They come in all sizes and shapes, don’t they? They come short and fat in baseball caps, tall and skinny in cowboy Stetsons.

They’re roofers and ranchers, actors and acrobats, gondoliers and gangsters, presidents and preachers. All kinds.

Jack Kennedy was a politician, his father was a gangster and a rum-runner, who moved men around like chess pieces, including his sons.

Well, it’s their day. It’s Father’s Day, the celebration in which all of America’s florist shops are closed.

Today, florists and their help: the arrangers, delivery drivers and accountants, will be home in their backyards, barbecuing caterpillars and having a couple of beers.

Did I forget the greeting card aisle? Mother’s Day cards are more plentiful than ticks at weddings in the park. Father’s Day cards are at the end of the aisle, near stationary.

Father’s Day used to fall into stereotypes as in the serious ones, with a pipe-smoking old guy in a Mr. Rogers sweater sitting by a fire.

They were like the ones my mother always sent me, that showed a fella standing in knee-deep water angling for trout, or walking in a field with a couple of dogs and a hunting rifle.

I think those are the roles she imagined I’d fill. I suspect she gave up looking for an actor or writer card.

I’ve been watching this special day now for several years, and it all turns out to be a big flop.

On Mom’s Day, you can’t walk through the front door of your local supermarket without stumbling over heaps of roses, kicking over tulip displays, rows of daisies, orchids and Dr. Zhivago’s sunflowers. Daddy will be happy to get a dandelion for his lapel, like I once did from my girls.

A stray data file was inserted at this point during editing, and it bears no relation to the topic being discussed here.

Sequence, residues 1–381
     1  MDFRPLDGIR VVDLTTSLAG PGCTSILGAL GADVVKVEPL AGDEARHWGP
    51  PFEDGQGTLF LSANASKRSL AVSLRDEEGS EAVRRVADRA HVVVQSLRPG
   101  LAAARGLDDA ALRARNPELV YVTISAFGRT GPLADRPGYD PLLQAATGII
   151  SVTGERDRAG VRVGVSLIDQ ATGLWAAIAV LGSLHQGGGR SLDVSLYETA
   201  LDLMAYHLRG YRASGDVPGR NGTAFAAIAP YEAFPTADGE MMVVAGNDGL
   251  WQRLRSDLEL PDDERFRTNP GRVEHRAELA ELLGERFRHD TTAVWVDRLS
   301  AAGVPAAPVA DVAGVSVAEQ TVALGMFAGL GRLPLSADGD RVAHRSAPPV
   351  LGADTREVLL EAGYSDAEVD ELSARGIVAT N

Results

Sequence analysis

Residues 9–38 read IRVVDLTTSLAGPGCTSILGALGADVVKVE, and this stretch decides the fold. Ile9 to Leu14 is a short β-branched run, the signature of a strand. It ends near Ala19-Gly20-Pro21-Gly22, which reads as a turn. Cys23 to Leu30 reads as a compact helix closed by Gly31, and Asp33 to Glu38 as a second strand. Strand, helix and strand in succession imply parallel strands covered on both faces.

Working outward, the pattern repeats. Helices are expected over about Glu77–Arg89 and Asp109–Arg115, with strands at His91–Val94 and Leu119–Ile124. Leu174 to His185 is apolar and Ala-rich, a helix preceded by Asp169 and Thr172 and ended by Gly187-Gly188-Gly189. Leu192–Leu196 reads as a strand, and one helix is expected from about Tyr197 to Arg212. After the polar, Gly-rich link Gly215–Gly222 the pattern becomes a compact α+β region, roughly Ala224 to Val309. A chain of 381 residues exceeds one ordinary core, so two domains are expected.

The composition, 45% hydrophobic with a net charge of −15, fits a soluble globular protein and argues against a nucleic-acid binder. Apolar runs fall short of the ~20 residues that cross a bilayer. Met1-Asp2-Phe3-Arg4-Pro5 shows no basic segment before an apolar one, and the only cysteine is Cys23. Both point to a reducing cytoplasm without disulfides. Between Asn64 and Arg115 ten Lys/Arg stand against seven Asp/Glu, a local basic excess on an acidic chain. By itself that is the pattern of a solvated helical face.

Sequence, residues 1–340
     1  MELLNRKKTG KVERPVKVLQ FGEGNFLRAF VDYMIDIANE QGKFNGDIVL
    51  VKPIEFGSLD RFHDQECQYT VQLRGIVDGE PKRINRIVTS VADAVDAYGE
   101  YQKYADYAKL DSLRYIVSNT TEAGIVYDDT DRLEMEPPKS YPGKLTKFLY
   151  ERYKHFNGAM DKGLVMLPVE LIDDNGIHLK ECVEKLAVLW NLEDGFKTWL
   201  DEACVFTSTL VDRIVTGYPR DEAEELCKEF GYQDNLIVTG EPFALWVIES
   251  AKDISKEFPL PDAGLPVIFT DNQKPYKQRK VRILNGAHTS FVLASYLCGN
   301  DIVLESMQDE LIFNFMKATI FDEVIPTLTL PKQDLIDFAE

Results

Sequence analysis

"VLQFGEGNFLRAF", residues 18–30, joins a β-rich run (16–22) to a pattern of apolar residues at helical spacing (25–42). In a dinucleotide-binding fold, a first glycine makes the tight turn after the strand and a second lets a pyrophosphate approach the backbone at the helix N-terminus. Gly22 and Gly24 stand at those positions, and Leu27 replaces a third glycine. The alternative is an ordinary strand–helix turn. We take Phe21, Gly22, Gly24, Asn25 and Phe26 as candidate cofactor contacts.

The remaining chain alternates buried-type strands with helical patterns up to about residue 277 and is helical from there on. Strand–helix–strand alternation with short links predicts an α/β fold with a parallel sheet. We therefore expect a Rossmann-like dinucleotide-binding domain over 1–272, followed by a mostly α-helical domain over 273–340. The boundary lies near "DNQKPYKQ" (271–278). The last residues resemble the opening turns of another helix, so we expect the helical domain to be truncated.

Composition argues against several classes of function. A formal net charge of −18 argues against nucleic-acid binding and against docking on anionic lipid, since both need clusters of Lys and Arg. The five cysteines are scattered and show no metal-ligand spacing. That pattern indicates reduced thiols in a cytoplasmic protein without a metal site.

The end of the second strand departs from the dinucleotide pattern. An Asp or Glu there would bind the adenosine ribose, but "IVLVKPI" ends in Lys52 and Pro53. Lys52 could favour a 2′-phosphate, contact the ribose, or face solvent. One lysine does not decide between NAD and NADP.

On this day, Mom’s iPhone (oh, yes, she has one, even the oldest Moms got one last year) is buzzing with calls from every state in the union, some European cities, soon from outer space.

I always called my mom, no matter where I was: a telephone booth on a highway between Waco, Texas, and New Orleans; a theater in New York; backstage at a nightclub; or in bed with a girl she had never met.

Daughters, especially daughters, are good at honoring their mothers. Her day is like Queen Elizabeth at our house.

The old man’s special day, started in 1907, but didn’t even really get kick-started until 1972, so daddies my age didn’t grow up with it.

If mine were here on this Father’s Day, I think he would put his uniform on, and we would walk down Michigan Avenue to a corner bar, and have a last beer together.

I would take his hand crossing the street, as he always did mine. Oh, him? Yes. Him.

J.P. Devine is a Waterville writer. 


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